6. ^ "10 Bollywood Movies That Lifted Their Stories From South Korean Films". MensXP.com. Retrieved 6 April 2019. 6. Awarapan - A Bittersweet Life - A hitman is asked to keep an eye on his boss' mistress. However, when he learns that she is being exploited, he decides to rescue her from the clutches of his boss. While actor Lee Byung Hyun flawlessly portrayed the conflict going on inside the character in the South Korean version, Emraan Hashmi failed to recreate the same magic or should we say turmoil in the Bollywood one.
  7. ^ "A Bittersweet Life OST Special Edition". YesAsia. Retrieved 2013-03-02.
  8. ^ "Duelist Sells Japanese Rights for $5 Million". The Korea Times via Hancinema. 16 February 2005. Retrieved 2015-06-28.
  9. ^ a b "K-FILM REVIEWS: 달콤한 인생 (A Bittersweet Life)". Twitch Film. 7 August 2005. Archived from the original on 3 February 2014. Retrieved 2013-08-10.
  10. ^ Elley, Derek (15 May 2005). "A Bittersweet Life". Variety. Retrieved 2012-03-02.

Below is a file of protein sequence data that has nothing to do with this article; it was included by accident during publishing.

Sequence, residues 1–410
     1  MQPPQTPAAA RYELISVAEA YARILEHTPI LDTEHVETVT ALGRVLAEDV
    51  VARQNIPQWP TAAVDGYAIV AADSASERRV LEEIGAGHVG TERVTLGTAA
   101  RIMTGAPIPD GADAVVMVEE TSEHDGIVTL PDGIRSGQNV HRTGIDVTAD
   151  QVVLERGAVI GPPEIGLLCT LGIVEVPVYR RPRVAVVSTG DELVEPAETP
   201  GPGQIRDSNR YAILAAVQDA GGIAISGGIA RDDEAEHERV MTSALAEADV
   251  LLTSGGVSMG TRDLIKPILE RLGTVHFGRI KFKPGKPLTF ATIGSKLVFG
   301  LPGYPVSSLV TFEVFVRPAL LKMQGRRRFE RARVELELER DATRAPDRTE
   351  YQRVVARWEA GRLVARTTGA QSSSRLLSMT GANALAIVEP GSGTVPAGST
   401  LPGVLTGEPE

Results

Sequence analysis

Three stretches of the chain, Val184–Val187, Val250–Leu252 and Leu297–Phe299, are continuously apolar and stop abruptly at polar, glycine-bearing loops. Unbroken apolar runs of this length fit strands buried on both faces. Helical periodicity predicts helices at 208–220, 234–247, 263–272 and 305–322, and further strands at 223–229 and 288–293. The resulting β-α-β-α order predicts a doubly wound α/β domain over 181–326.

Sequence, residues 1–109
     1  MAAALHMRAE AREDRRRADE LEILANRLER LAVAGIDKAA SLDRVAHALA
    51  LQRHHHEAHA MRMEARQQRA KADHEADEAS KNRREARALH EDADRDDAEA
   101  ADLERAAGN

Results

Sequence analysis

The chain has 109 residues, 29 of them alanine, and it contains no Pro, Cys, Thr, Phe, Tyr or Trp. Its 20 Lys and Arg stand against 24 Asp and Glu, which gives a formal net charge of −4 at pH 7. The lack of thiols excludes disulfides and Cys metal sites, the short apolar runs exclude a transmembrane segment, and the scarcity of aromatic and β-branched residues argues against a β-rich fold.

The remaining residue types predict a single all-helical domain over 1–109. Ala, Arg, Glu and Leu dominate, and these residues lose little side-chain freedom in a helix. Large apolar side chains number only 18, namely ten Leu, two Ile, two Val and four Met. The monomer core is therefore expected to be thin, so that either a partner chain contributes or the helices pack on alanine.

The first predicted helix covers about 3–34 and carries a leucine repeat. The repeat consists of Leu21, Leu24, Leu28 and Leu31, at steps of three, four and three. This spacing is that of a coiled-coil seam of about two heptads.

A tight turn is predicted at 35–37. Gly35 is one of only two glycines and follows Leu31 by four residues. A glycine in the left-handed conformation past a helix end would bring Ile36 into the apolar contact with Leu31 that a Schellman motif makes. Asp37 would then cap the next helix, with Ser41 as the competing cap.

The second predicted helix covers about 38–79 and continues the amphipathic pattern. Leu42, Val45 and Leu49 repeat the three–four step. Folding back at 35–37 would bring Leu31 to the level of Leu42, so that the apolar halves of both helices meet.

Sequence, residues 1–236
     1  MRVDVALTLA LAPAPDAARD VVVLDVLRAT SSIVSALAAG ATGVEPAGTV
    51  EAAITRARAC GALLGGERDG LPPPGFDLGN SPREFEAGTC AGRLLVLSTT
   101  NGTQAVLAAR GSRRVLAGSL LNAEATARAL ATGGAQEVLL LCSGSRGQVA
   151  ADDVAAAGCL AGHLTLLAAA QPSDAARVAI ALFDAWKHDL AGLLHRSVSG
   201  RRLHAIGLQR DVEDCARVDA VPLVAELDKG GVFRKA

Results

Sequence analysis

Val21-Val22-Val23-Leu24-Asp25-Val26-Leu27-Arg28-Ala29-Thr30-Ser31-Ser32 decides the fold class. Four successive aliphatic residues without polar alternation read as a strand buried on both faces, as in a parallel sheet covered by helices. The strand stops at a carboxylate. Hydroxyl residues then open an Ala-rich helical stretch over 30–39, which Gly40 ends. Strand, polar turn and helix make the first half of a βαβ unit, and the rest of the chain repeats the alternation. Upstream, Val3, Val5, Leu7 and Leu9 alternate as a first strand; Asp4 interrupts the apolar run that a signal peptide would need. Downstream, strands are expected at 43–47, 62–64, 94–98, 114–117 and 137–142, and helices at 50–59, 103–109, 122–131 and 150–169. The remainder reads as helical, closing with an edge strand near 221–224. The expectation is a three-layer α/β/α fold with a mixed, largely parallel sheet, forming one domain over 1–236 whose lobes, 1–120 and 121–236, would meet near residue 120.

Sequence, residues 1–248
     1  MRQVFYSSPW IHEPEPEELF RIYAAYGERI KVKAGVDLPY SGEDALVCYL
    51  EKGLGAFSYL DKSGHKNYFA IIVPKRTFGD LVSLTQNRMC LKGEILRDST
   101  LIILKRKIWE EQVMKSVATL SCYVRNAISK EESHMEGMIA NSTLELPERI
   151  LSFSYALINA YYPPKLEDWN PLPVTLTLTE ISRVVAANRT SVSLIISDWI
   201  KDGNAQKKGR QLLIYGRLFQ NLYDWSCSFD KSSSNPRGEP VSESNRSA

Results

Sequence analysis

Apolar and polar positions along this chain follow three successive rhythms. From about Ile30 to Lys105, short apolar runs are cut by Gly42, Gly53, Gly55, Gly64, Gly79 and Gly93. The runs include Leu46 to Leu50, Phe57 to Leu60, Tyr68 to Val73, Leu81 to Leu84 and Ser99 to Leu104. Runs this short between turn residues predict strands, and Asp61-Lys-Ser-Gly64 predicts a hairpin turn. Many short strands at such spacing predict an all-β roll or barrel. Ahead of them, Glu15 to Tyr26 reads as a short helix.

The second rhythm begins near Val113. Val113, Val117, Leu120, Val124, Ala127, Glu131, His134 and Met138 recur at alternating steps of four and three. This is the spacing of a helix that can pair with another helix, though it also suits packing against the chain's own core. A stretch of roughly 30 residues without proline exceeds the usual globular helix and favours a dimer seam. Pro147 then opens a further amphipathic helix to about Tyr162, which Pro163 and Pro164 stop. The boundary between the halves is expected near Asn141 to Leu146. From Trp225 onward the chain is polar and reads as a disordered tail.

11. ^ Toy, Sam. "A Bittersweet Life: Another brutally beautiful story of the Korean underworld". Empire. Retrieved 2013-08-10.
  12. ^ "A Bittersweet Life". Cinema Eye. Retrieved 2008-02-08.
  13. ^ "A Bittersweet Life (2005) Movie Review". Beyond Hollywood. 27 July 2005. Archived from the original on 1 January 2008. Retrieved 8 February 2008.
  14. ^ Jr, Mike Fleming (17 August 2017). "Michael B. Jordan, Jennifer Yuh Nelson Plot 'A Bittersweet Life' For Fox & 21 Laps". deadline.com. Retrieved 29 March 2018.
  15. ^ McNary, Dave (18 August 2017). "Michael B. Jordan Eyed to Play Mobster in 'A Bittersweet Life'". variety.com. Retrieved 29 March 2018.
  16. ^ "A Bittersweet Life - Awards". Cinemasie. Retrieved 2013-08-10.
  17. ^ "8th edition of DEAUVILLE ASIAN FILM FESTIVAL prizes". Hancinema. 13 March 2006. Retrieved 2013-08-10.
  18. ^ Brown, Todd (25 July 2006). "Fantasia Winners Announced". Twitch Film. Archived from the original on 1 October 2012. Retrieved 10 August 2013.

External links[edit]